Increase your vocabulary with studies about the use of common English words.

In this 1861 engraving by Gustave Doré of scenes of The Inferno, Dante and his guide Virgil gaze down into the yawning pits of Hell.

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The English word hope and a short note about this Albert Camus quote: « Au milieu de l’hiver, j’apprenais enfin qu’il y avait en moi un été invincible. » “In the midst of winter, I finally learned there was in me an invincible summer.”


Thesaurus and dictionaries often list many synonyms for the noun hope, but, in light of the strict meanings which the word hope must have, it enjoys few precise synonyms.

Longing isn’t hope. Anticipation isn’t hope. Dreaming isn’t hope. Aspiration isn’t hope. Promising isn’t hope.


Hope that does not encompass despair (non-hope) is usually mere drooling nostalgia for the numbness of childhood’s “feeling safe with Mommy and a large lactating breast nearby.” But that’s not hope; that’s infantile dependence. Still, it is all many people ever experience of life’s horse race of expectation.


Instead of my usual listing of obscure ─ sometimes delightful ─ synonyms, I deem hope best presented here by means of a highly personal definition. Hope is a term to be leery of. Consider some of the skeptical but apt quotations, including the old proverb: “Hope makes a good breakfast but a poor supper.”


What is hope? Nothing but the paint on the face of existence; the least touch of truth rubs it off, and then we see what a hollow-cheeked harlot we have got hold of.                                            Lord Byron

Hope springs eternal in the human breast;
Man never Is, but always To be blest

Alexander Pope – An Essay on Man

He that lives upon hope will die fasting.
Benjamin Franklin – Poor Richard's Almanack

He that lives in hope danceth without music.
George Herbert – Outlandish Proverbs

In The Divine Comedy what did Dante see written above the portals of Hellmouth? Lasciate ogni speranza, voi ch’entrate. ‘Abandon hope, all ye who enter here.’ Some think a better positioning of that statement might be above the human birth canal.

Let’s say that hope expects. It awaits some stated or thought desideratum ‘thing desired.’ But hope is not wholly apprehended as a mere mixture of expectation and desire. Hope nudges in a pushy manner and whispers into the ear of Fate, “I’ll get what I want, right? Right?” Hope is bumptious. Hope is a bold, dick-wagging braggart, often a liar. Hope says, “Sure, pal, you’ll get what you want.” Then, when it’s time to deliver the goods, Hope leans in close and confides, “Uh, that truck with all that shit you wanted? Never arrived at the depot! It was hijacked.”  Thanks, Hope.


Typically Teutonic, this Saxon and Low German etymon seems to have begun in the fetid mass of the earliest Germanic dialects and to have spread into later Scandinavian languages from there.

Camus Quotation
My personal motto of hope was written by Albert Camus in his 1952 book of essays entitled Retour à Tipasa. Tipasa was a place beside the sea in his native country of North Africa, Libya. Tipasa was old Roman ruins on a sea cliff beside the Mediterranean, where a youthful Camus once found a reflective solitude. Camus revisited this site of his boyhood imaginings after living in Europe for decades. He went hoping to relive childhood dreams and feelings. The ruins of ancient Tipasa had not changed, yet the thoughts and hopes of boyhood would not return. Camus learned to analyze hope. Camus had changed and had to work hard to recover an optimism. That’s when he wrote “In the midst of winter, I finally learned there was in me an invincible summer.”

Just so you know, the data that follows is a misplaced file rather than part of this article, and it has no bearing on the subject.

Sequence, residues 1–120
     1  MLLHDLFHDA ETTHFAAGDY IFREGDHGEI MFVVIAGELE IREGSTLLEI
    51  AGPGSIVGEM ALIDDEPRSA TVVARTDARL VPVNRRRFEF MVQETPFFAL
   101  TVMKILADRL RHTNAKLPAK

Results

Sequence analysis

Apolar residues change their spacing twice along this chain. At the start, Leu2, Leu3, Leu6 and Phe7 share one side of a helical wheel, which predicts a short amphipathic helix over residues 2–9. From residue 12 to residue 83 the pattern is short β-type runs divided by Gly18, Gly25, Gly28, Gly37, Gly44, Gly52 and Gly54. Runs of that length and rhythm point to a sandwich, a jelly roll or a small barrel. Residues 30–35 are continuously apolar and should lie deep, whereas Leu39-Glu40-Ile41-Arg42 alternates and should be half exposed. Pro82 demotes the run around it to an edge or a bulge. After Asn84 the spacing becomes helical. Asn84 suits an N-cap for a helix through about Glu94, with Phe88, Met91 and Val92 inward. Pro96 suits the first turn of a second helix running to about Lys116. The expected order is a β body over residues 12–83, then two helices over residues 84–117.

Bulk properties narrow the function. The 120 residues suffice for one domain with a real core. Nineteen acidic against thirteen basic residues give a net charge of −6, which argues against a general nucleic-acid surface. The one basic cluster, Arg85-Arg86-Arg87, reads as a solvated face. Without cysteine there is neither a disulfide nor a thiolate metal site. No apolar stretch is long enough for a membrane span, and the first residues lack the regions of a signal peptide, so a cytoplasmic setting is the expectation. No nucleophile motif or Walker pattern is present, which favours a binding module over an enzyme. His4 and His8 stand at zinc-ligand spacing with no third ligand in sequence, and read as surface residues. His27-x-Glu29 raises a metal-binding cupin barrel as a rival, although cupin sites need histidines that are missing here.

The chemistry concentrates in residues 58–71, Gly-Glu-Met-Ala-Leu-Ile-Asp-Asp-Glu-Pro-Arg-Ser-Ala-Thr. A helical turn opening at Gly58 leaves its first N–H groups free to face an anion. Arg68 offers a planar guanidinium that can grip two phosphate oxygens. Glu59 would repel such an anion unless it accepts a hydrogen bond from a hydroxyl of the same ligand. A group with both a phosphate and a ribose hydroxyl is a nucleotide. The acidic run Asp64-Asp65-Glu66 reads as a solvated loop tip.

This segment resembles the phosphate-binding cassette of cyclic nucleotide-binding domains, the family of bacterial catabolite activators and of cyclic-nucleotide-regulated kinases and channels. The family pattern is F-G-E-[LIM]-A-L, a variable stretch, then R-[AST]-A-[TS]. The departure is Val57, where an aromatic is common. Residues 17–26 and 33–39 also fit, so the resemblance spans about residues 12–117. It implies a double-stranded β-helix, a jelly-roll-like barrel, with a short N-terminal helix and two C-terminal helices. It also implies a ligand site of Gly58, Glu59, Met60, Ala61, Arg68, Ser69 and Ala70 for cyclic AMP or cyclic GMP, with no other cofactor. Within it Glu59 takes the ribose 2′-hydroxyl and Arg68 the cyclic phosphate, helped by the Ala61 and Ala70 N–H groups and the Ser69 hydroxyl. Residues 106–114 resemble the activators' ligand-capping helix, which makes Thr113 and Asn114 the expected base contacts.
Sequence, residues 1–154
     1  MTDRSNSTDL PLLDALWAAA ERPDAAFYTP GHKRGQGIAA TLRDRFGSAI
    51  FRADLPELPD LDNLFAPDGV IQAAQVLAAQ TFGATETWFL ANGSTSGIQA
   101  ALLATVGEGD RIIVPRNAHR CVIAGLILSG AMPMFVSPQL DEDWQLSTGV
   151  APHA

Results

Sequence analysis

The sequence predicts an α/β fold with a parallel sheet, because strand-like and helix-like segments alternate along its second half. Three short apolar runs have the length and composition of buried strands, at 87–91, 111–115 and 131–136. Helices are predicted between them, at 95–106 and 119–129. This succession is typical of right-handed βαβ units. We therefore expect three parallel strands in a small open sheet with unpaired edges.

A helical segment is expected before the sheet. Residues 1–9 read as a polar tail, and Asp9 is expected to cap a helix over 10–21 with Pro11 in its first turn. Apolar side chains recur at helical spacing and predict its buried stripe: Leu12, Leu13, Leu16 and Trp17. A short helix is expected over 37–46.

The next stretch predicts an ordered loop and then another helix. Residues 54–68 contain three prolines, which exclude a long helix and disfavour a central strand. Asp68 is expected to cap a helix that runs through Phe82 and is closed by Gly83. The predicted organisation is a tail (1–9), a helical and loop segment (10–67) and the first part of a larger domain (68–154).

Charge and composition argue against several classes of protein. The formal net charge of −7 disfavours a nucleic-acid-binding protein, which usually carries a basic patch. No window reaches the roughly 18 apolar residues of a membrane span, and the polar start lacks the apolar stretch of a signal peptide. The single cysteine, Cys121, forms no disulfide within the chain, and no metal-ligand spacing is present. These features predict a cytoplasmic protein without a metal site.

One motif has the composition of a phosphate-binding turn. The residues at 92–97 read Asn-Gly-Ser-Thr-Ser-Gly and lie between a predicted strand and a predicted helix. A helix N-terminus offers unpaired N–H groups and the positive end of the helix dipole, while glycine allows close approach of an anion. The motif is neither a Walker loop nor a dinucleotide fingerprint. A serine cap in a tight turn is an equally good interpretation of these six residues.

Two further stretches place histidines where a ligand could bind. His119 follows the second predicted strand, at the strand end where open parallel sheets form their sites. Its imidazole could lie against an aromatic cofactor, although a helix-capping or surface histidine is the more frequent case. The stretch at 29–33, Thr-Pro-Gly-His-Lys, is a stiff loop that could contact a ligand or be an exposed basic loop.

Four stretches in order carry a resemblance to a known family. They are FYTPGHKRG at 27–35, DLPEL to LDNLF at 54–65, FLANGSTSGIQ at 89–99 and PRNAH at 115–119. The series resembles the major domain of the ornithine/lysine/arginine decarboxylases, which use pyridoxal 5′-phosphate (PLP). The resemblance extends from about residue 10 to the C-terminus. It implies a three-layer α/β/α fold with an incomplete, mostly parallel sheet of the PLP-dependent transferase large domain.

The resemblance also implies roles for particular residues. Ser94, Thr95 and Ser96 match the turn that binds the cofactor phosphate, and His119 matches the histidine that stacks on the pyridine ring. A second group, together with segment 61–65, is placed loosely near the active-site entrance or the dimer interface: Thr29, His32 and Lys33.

A later essay by writer Anthony Lyon explains it well: “The sentence, like much of Camus’s most evocative writing, is double. It moves between the natural world and his inner ethical life. He’s in Algeria in winter, but he’s also been struggling with a moral winter. He’d lost the passion that animated his speaking out on behalf of the suffering. This moral winter, like the rainy December in Algiers, gives way to a day of sunshine, a reminder of the summer to come. For Camus, the summer is a constantly renewing source of strength, and now he has found that “invincible summer” inside of himself. The transcendent moment related in Return to Tipasa is not a transference; Camus does not actually take anything from nature, nothing is added to Camus. Rather, he discovers what was always inside of himself.”

That is the kind of hope that appeals to me, Bill Casselman. Call it thought-through hope. As Galileo put it in a different but related mode, “I’ve loved the stars too fondly to be fearful of the night.”

What happened to Camus on that long-ago winter afternoon beside the cold sea is hinted at by American poet T.S. Eliot in Four Quartets:
"What we call the beginning is often the end
And to make an end is to make a beginning.
The end is where we start from.
. . .
We shall not cease from exploration
And the end of all our exploring
Will be to arrive where we started
And know the place for the first time."

Consider this from yet another explanatory essay by a writer named Darran Anderson: “To fully appreciate Camus’ humanism you must set it in the sense of godless post-Nietzsche post-Holocaust futility which he, and the Existentialists, wrestled with and following the very real and often grim experiences of his poverty-stricken childhood in Algeria and his time risking his life in the French Resistance during the Occupation.”

If I, Bill Casselman, were to inscribe a tombstone for Albert Camus (1913-1960) it would not read R.I.P. (Latin Requiescat in pace ‘May he rest in peace’). It would read:
Requiescat in Pace Quaerendo
‘May he rest in a peace that keeps asking questions.’


Bill Casselman copyight 2016

July 17, 2016

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